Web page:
(Reuters) - Canada’s Nutrien Ltd, the world’s biggest fertilizer company by capacity, said on Monday it would temporarily shut its largest potash mine due to a railway strike.
The strike by some 3,200 unionized employees at Canadian National Railway Co was in its seventh day, leaving 35 vessels waiting on Canada’s West Coast.
Nutrien and Mosaic Co export potash from a terminal on the coast through their jointly owned logistics company, Canpotex Ltd.
Nutrien said in a statement it would shut its Rocanville, Saskatchewan mine for two weeks starting Dec. 2. The mine is capable of producing 5.4 million tonnes this year.
“It is extremely disappointing that in a year when the agricultural sector has been severely impacted by poor weather and trade disputes, the CN strike will add further hardship to the Canadian agriculture industry,” Nutrien Chief Executive Chuck Magro said.
Separately, Canpotex spokeswoman Natashia Stinka said the company was concerned about any disruption to its shipments as it relies heavily on CN Rail.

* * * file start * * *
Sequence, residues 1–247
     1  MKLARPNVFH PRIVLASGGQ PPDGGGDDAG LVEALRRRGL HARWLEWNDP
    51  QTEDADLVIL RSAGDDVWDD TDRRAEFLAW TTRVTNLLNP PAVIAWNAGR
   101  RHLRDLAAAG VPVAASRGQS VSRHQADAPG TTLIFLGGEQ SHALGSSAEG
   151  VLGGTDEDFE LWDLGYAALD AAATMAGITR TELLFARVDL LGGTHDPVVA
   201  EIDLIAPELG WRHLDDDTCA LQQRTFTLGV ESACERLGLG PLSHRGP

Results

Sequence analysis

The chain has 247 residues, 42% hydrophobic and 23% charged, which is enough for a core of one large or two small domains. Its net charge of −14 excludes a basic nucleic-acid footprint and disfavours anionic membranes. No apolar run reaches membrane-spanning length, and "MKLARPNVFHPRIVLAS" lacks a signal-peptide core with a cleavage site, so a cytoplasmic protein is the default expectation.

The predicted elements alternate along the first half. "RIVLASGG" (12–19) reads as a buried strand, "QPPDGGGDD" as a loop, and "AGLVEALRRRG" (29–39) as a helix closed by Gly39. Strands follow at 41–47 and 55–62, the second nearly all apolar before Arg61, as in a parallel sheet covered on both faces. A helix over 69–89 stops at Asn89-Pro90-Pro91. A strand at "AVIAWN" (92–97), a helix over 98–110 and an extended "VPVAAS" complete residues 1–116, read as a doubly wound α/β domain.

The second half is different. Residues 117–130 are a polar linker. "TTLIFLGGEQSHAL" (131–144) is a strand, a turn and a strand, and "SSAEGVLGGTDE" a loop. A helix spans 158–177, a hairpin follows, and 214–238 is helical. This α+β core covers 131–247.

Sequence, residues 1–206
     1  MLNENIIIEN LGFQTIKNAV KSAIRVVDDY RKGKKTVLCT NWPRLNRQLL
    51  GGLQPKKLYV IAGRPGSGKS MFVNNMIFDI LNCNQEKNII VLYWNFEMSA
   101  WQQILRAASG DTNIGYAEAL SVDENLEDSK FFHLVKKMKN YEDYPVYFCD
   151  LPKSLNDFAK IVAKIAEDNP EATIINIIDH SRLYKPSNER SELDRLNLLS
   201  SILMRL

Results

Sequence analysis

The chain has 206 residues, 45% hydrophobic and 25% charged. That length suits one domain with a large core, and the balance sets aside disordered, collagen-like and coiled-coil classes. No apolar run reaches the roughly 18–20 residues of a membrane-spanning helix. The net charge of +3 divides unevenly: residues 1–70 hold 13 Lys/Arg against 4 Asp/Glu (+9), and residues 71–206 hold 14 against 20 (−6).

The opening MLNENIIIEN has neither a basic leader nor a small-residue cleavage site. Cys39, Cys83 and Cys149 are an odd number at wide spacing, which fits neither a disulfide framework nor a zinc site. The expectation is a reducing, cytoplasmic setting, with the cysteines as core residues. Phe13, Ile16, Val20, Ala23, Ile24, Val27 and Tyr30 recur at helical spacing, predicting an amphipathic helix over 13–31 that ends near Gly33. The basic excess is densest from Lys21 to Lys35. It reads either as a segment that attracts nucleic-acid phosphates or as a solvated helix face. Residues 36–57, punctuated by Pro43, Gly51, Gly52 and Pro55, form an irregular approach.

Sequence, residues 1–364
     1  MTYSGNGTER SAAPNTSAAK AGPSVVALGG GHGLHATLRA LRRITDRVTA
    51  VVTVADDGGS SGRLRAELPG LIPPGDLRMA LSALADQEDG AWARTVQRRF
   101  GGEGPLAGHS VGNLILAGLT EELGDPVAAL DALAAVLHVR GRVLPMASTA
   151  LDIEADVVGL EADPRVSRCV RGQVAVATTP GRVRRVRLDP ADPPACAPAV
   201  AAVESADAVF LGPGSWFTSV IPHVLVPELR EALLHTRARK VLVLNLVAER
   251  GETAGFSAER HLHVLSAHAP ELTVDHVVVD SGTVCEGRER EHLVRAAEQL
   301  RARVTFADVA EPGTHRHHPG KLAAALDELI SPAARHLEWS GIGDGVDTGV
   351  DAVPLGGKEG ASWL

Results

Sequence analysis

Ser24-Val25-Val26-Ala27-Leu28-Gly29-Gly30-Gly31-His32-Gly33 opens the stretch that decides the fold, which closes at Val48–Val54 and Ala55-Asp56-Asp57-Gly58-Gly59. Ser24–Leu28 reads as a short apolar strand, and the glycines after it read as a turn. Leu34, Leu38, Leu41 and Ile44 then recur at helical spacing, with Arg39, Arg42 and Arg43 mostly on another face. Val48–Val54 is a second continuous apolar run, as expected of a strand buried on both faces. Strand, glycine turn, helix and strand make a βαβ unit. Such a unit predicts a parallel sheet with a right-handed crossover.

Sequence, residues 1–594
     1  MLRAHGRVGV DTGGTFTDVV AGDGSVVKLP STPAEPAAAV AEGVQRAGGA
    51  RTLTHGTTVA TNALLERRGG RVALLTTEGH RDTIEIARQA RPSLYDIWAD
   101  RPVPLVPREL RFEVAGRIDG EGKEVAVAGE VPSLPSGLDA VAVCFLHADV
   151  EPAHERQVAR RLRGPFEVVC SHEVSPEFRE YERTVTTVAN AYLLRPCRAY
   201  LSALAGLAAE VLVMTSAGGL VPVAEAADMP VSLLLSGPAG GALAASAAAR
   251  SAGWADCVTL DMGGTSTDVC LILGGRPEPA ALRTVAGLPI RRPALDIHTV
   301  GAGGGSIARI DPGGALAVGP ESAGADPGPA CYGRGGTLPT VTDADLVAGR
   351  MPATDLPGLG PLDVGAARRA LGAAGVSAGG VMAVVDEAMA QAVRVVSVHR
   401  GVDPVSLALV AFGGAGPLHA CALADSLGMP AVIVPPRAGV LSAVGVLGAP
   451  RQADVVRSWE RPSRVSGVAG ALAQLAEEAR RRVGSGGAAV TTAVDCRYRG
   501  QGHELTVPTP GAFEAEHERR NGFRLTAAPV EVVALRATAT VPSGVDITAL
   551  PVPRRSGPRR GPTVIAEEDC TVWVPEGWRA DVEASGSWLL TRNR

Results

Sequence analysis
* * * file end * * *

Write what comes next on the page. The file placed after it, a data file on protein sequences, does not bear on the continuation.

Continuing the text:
Nutrien’s planned curtailment comes as the global potash market is soft, and is positive for rivals Mosaic and K+S AG, but hurts Canada’s reputation as a fertilizer supplier, said Scotiabank analyst Ben Isaacson, in a note.
Isaacson said it was “highly likely” Mosaic will curtail output at its 5.3 million tonne mine at Esterhazy, Saskatchewan.
Ben Pratt, a Mosaic spokesman, said while the CN strike was affecting the company, its use of Canadian Pacific Railway allowed it to keep moving potash.
Reporting by Rod Nickel in Winnipeg, Manitoba; Editing by Chris Reese and Tom Brown